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The World Reacts

News Reports Emphasize Religious Tone of Inaugural Speech

Media and Analysts Also Note Many References to 'Freedom'

By Keith B. Richburg
Washington Post Foreign Service
Friday, January 21, 2005; Page A23

AMSTERDAM, Jan. 20 -- As foreign governments pondered their reactions to President Bush's inaugural speech Thursday, newspapers around the world reported it with particular emphasis on the religious tone and Bush's 27 references to "freedom" in the United States and abroad.

Bush painted a vision of "an America that propagates freedom, democracy and prosperity around the world," an article on the Web site of the French newspaper Liberation said. "The problem is that with this speech, one has the impression of having heard it a thousand times, and no longer believing it."


Travelers and commuters at London's Victoria train station watch news reports on the inauguration. (Adam Butler -- AP)

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It added: "Not all the world strongly wants this 'freedom a l'americaine.' It's only necessary to look at Iraq."

France, which was among the staunchest opponents of the Iraq war, remains critical of the continuing U.S. military presence there despite recent efforts by President Jacques Chirac to mend ties. Chirac is reportedly planning a trip to Washington sometime before Bush makes his next trip to Europe on Feb. 22 -- a trip that will take him to Belgium and Germany, but not France.

The French daily newspaper Le Monde, in its Web site edition, noted that Bush "made several references to God." European leaders normally do not mention religion in their public statements.

In Madrid, the capital of another country opposed to the war, the daily newspaper El Pais used the word "freedom" in English as the first word of its online report and called it "the word most often used by George W. Bush in his inaugural speech."

The newspaper said that Bush "wanted to deliver a conciliatory message to his allies after four years in which the United States' aggressive foreign policy has enjoyed scant support in Europe."

In Britain, the London Times newspaper said: "Although evangelical in tone and florid in its rhetoric, Bush's 20-minute speech appeared to confirm signs that America will adapt a less unilateral foreign policy over the next four years."

In some of the first reaction from world leaders, Prime Minister Junichiro Koizumi of Japan, a key Bush ally, told reporters Friday: "He has accumulated experience as a leader of a leading country and a leader of the world for the last four years. I have high hopes that he will continue to actively contribute to world peace and stability under the principle of international cooperation."

Takeshi Igarashi, a professor at Tokyo University and an expert on U.S. politics and diplomacy, said: "It was very clear the speech was from a wartime president. It was more like a speech by a pastor than a president. . . .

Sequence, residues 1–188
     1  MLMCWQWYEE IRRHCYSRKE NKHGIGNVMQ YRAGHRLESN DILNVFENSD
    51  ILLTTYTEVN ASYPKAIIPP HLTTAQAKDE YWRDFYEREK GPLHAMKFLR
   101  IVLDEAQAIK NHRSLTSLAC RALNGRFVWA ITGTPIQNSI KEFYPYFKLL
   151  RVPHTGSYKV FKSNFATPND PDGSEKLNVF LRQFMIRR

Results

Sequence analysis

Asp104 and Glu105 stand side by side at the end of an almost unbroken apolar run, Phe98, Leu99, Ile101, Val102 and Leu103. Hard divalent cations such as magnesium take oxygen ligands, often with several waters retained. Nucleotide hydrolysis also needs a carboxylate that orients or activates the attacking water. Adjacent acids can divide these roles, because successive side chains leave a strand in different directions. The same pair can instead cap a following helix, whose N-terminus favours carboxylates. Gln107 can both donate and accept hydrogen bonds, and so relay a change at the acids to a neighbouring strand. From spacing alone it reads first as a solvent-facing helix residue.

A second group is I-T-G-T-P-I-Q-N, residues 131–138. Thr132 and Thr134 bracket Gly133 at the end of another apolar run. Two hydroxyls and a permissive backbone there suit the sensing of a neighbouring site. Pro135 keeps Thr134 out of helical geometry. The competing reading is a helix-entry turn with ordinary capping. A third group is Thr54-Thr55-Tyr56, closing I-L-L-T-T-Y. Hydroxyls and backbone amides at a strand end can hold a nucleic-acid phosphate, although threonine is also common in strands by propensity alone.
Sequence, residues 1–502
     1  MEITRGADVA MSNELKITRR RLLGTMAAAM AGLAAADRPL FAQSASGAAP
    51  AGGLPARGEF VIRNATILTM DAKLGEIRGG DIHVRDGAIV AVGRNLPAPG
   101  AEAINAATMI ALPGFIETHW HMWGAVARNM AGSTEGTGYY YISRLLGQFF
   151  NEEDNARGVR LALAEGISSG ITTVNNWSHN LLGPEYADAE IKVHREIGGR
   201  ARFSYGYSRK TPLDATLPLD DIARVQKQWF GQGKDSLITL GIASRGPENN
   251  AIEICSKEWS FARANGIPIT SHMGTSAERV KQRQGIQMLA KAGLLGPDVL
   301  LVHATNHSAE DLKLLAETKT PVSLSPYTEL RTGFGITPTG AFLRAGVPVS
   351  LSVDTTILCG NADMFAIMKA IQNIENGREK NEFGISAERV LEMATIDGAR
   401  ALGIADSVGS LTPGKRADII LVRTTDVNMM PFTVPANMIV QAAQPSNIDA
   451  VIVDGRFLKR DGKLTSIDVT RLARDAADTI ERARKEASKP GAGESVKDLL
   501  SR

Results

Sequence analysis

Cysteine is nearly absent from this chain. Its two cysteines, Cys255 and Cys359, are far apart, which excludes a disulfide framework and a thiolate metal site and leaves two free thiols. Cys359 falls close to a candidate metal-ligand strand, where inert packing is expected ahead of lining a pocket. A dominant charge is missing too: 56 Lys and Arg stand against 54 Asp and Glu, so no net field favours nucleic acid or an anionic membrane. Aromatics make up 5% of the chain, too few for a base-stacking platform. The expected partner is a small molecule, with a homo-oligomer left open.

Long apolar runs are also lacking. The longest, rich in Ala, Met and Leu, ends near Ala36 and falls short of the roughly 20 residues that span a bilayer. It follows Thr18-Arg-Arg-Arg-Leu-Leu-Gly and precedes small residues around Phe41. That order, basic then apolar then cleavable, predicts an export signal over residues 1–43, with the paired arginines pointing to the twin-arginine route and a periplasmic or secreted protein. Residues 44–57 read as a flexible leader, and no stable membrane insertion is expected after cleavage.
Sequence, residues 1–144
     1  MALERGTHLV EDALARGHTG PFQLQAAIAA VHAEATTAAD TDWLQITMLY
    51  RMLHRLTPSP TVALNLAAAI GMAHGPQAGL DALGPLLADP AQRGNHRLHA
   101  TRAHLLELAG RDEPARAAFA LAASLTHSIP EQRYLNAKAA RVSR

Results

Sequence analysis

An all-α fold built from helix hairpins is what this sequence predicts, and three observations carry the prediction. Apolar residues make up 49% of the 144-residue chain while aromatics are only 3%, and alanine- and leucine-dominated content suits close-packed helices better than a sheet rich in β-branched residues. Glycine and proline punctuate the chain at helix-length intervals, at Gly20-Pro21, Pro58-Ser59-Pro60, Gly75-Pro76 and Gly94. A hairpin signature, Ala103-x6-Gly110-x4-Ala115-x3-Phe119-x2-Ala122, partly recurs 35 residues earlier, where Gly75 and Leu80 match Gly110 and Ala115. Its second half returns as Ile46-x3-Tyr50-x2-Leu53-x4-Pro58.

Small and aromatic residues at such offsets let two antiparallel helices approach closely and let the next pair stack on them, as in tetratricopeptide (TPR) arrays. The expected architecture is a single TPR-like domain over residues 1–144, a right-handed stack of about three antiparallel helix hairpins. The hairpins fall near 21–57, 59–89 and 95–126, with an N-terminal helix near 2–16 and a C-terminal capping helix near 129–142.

"But he didn't mention any actual policies at all. He cried out his ideal but shied away from facing problems that lie there. I actually think he may not have any measures to deal with the issues, that he is lost and still trying to find ways."

In Mexico, some reaction was skeptical. "What I'm hearing and what I'm feeling is 'more of the same,' which in the case of Mexico means 'more of nothing,' " said Gabriel Guerra, a political analyst in Mexico City. "We are not on the list of priorities. We are not even on the radar screen."

Guerra said that despite Bush's public pledges to press the U.S. Congress for immigration reform, Mexico's top foreign policy priority, he expected no substantial action from Bush. "I don't think immigration reform ranks anywhere near his top priorities -- the Middle East, Social Security reform or tax reform," Guerra said.

Agustin Gutierrez Canet, spokesman for Mexico's president, Vicente Fox, was more upbeat about the prospects of immigration changes being enacted during Bush's second term. "We have been observing carefully the interest of President Bush in promoting this agenda," Gutierrez Canet said. "We are optimistic that this agenda will be carried out in the months ahead."

In China, the official New China News Agency reported the speech without comment.

Several hours before the speech, an audio recording was posted on a radical Islamic Web site purporting to be the words of Abu Musab Zarqawi, the Jordanian who is orchestrating attacks against U.S. troops and Iraqi security forces in Iraq. He said that insurgents were winning their struggle against the "tyrant America."

Correspondent Kevin Sullivan in Mexico City and special correspondent Akiko Yamamoto in Tokyo contributed to this report.


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